Posts Tagged ‘gear talk’

“Bender” on grass

June 22, 2018

Gray Petaltail dragonfly (Tachopteryx thoreyi) is well-known for its tendency to perch on gray and tan colored surfaces, including tree trunks. Less well-known is the fact that Gray Petaltail perches wherever it wants, including tall grasses growing in the forested seeps from which the species emerges.

“Bender,” my nickname for a male Gray Petaltail with a malformed abdomen, is shown perched on grass stems in the following photo set.

No. 1 | 06 JUN 2018 | Northern Virginia | Gray Petaltail (male)

The next photo provides a good view of the gentle curve in Bender’s abdomen, as well as his hamules, visible on the ventral side of abdominal segments two and three (S2 and S3).

No. 2 | 06 JUN 2018 | Northern Virginia | Gray Petaltail (male)

Like many male odonates, Bender probably perched on the grass in order to make himself available for hook-ups with females of the same species.

No. 3 | 06 JUN 2018 | Northern Virginia | Gray Petaltail (male)

Bender aggressively defended the prominent perch against other odonates that intruded upon his territory.

No. 4 | 06 JUN 2018 | Northern Virginia | Gray Petaltail (male)

No flash/flash

Compare/contrast Photo No. 3-4. The batteries in my external flash unit were almost drained completely by the time I shot the photos. As a result, the flash worked sometimes and didn’t work other times. I’m fairly certain the flash didn’t fire for the Photo No. 3, and equally certain it fired for Photo No. 4. Some photographers might contend the no-flash photo is “arty”; I contend Photo No. 4 — the fill-flash version — has better color balance, color saturation, and more detail in the shadows.

Copyright © 2018 Walter Sanford. All rights reserved.

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Swift River Cruiser exuvia

April 25, 2018

A late-stage emergent teneral female Swift River Cruiser dragonfly (Macromia illinoiensis) was spotted on 27 May 2017 along the Potomac River at Riverbend Park in Fairfax County, Virginia USA. The exuvia was collected, with permission from park staff, after the female flew away from the place where she metamorphosed from a nymph to an adult.

No. 1 | 27 MAY 2017 | Riverbend Park | Swift River Cruiser (female)

The next image is a composite of 35 photos. The specimen is perfectly in focus from head-to-tail, including the legs.

The last image is a composite of eight photos. The focus point for each photo in the set is limited to the body only. Surprisingly, all six legs are acceptably in focus except for the tip of the left hind leg.

The official early-date for Swift River Cruiser dragonfly is 08 May in the Commonwealth of Virginia. Since the early-date for Royal River Cruiser dragonfly (Macromia taeniolata) is 15 May, the exuvia helps to confirm the identity of the adult is Swift River Cruiser. 10 October is the late-date for both species.

Tech Tips

Photo No. 1 was taken using my Panasonic Lumix DMC-FZ150 superzoom bridge camera plus Canon 580EX Speedlite, my go-to kit for photowalking.

The following equipment was used to shoot Photo No. 2 and 3: Canon EOS 5D Mark II digital camera, in manual mode; Kenko 20mm macro automatic extension tubeCanon EF100mm f/2.8L Macro lens (set for manual focus); Canon MT-26EX-RT Macro Twin Lite set for “Master” mode, and Canon 580 EX- and Canon 580EX II Speedlites set for “Slave” mode.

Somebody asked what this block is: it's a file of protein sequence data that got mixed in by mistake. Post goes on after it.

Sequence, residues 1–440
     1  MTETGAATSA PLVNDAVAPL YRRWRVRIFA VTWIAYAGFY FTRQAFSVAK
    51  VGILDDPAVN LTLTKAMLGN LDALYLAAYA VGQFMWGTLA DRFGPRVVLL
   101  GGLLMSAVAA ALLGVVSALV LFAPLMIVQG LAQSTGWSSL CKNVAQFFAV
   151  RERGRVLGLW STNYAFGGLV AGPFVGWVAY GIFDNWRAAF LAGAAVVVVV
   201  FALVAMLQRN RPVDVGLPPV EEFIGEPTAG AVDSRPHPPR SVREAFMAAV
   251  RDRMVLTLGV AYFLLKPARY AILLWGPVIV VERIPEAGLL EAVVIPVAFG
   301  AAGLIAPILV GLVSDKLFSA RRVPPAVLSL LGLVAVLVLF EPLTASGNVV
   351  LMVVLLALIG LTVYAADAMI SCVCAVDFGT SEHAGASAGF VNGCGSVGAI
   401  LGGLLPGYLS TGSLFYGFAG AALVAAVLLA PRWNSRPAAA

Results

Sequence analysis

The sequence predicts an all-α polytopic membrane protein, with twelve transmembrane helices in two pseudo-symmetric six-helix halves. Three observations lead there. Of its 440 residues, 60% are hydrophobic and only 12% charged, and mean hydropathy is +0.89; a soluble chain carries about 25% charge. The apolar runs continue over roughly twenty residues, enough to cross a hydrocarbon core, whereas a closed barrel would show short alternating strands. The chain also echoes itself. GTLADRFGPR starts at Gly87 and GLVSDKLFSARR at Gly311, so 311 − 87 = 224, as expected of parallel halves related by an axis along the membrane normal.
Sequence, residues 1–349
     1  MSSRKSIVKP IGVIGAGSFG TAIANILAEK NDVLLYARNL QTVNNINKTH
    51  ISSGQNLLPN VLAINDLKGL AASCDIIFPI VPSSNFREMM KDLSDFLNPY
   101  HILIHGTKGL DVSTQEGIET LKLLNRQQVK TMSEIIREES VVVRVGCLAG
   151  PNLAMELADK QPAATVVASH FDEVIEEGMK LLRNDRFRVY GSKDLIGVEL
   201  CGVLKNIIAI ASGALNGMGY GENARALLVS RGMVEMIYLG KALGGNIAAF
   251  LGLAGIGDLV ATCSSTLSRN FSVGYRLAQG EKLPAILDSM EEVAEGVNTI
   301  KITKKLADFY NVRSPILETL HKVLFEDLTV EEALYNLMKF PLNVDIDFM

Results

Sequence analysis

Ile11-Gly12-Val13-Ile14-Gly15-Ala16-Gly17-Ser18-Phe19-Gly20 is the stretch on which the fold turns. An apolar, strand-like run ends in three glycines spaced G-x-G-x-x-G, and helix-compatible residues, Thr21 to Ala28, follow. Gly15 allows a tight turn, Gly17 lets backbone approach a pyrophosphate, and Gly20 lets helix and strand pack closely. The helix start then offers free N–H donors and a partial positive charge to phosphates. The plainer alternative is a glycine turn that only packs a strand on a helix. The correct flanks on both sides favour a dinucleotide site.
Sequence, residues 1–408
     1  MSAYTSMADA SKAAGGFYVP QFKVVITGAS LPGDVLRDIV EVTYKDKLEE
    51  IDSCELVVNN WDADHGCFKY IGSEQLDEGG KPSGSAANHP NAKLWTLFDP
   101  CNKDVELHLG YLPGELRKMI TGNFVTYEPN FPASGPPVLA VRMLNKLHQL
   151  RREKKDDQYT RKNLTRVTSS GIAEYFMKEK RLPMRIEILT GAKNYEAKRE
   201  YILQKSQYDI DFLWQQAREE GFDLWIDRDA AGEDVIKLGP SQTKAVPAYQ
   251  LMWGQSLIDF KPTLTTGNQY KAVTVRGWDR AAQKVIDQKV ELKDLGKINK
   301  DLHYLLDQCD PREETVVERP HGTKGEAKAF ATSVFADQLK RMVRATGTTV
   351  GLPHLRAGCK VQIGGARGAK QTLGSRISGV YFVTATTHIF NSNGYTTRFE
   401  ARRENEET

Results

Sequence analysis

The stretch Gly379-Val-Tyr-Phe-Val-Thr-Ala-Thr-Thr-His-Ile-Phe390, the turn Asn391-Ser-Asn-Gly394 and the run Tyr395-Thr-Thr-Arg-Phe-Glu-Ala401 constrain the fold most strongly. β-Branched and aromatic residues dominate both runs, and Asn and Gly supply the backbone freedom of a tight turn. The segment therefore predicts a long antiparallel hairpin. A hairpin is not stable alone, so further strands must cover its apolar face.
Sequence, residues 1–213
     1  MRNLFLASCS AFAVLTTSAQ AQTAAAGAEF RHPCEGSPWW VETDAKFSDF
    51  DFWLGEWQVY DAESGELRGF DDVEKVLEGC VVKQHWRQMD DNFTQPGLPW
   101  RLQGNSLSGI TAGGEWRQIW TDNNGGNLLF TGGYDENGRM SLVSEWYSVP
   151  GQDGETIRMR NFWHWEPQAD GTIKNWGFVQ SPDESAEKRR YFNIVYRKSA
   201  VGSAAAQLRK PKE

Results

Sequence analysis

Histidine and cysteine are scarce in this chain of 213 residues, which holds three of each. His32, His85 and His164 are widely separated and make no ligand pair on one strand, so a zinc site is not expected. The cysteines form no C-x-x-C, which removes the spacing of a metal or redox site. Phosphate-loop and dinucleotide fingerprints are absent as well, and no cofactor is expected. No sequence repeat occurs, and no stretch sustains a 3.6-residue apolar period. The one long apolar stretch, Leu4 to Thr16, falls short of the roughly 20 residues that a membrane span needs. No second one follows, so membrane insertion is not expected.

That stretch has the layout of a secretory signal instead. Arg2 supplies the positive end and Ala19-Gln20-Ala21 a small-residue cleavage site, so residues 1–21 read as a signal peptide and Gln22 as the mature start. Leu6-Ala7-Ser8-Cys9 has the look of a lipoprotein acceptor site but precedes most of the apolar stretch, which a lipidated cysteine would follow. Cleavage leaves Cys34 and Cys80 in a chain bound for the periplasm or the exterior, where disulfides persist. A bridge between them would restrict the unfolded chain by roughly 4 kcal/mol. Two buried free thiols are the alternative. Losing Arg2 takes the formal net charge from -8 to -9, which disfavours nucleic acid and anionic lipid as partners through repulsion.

Photo No. 2-3 are focus-stacked composite images created using Adobe Photoshop CC 2017.

Related Resource: Swift River Cruiser (emergent female).

Copyright © 2018 Walter Sanford. All rights reserved.

A good spot for spiketails and emeralds

April 23, 2018

21 APR 2017 | Huntley Meadows Park | Little Hunting Creek

The preceding photo shows a view of the forest, seen from the banks of Little Hunting Creek as it flows through Huntley Meadows Park, Fairfax County, Virginia USA. The forest floor is carpeted with Spring Beauty wildflowers (Claytonia virginica).

Little Hunting Creek is a good place to look for Twin-spotted Spiketail dragonflies (Cordulegaster maculata). Arrowhead Spiketail dragonflies (Cordulegaster obliqua) and Mocha Emerald dragonflies (Somatochlora linearis) have been observed at the same site.

Tech Tip: I used my Panasonic Lumix DMC-FZ150 superzoom camera to shoot the landscape photo featured in this blog post. The camera was set for manual focus at the hyperfocal distance for an aperture of f/4, based upon the instructions provided in the excellent video tutorial by Graham Houghton, “Panasonic Lumix FZ camera easier manual focus method — super point-and-shoot tip.”

Copyright © 2018 Walter Sanford. All rights reserved.

Another focus stacking face-off

April 19, 2018

Here’s another face-off between a single macro photo and a focus-stacked composite image. Let’s start with the composite image this time.

The first example is a composite image created from 14 photos.

In a recent blog post, I wrote…

My goal is to shoot the fewest number of photos (using a relatively small aperture such as f/18) that will show the entire specimen in focus when the photo set is focus-stacked to create a composite image. Source Credit: More Calico Pennant exuvia composite images.

I used to shoot several photos of a single focus point, e.g., the prementum, and select the sharpest image for editing/focus stacking. Now I’m using a wider aperture such as either f/11 or f/8 (for sharpness), shooting more photos, and using every photo that I take. My rationale is simple: A single photo may not be the sharpest photo of a single focus point, but it probably shows other areas that are in focus. In this case, I think more “raw material” is better than less.